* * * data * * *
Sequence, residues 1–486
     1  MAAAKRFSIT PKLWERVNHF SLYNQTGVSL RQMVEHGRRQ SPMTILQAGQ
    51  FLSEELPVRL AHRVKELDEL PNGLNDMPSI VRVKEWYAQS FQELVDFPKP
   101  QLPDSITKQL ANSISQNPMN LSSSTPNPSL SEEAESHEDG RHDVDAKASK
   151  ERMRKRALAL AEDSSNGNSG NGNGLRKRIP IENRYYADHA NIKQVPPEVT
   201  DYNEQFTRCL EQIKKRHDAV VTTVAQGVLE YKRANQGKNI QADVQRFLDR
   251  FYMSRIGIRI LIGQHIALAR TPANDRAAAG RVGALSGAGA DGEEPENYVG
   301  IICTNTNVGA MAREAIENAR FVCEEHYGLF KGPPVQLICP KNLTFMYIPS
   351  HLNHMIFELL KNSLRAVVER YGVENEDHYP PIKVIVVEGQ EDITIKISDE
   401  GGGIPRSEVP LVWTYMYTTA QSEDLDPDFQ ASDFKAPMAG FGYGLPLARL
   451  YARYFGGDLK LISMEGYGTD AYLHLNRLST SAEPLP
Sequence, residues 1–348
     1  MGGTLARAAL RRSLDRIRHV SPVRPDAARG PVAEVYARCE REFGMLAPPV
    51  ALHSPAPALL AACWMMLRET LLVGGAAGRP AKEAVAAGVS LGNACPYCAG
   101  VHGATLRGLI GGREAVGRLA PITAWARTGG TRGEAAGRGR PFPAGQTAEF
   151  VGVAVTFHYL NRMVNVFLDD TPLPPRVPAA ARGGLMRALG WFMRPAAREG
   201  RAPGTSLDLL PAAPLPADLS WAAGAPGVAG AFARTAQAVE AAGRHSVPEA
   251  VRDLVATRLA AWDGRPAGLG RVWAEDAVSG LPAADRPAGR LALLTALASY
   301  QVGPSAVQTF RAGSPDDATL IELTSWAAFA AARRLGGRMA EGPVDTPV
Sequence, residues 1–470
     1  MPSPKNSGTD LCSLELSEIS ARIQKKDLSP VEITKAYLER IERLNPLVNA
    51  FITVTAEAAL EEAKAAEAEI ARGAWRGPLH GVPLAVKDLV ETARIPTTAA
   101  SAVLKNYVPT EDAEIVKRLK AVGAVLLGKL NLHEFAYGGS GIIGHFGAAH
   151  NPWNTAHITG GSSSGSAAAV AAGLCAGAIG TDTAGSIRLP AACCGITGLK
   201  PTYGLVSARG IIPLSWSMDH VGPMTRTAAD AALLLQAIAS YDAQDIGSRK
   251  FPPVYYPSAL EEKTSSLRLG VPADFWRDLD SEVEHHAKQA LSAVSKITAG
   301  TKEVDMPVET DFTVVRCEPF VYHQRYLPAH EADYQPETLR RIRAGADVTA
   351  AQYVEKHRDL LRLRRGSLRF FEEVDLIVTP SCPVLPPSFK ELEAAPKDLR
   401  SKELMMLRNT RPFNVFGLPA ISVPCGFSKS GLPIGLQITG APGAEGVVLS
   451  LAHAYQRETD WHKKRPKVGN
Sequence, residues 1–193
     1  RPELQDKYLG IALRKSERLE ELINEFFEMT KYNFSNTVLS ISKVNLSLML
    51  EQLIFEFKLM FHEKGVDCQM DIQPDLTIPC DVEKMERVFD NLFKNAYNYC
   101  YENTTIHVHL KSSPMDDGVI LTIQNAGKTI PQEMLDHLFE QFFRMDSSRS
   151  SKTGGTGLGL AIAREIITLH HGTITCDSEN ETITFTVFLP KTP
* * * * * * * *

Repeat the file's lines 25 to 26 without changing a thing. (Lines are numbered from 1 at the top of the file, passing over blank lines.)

   201  PTYGLVSARG IIPLSWSMDH VGPMTRTAAD AALLLQAIAS YDAQDIGSRK
   251  FPPVYYPSAL EEKTSSLRLG VPADFWRDLD SEVEHHAKQA LSAVSKITAG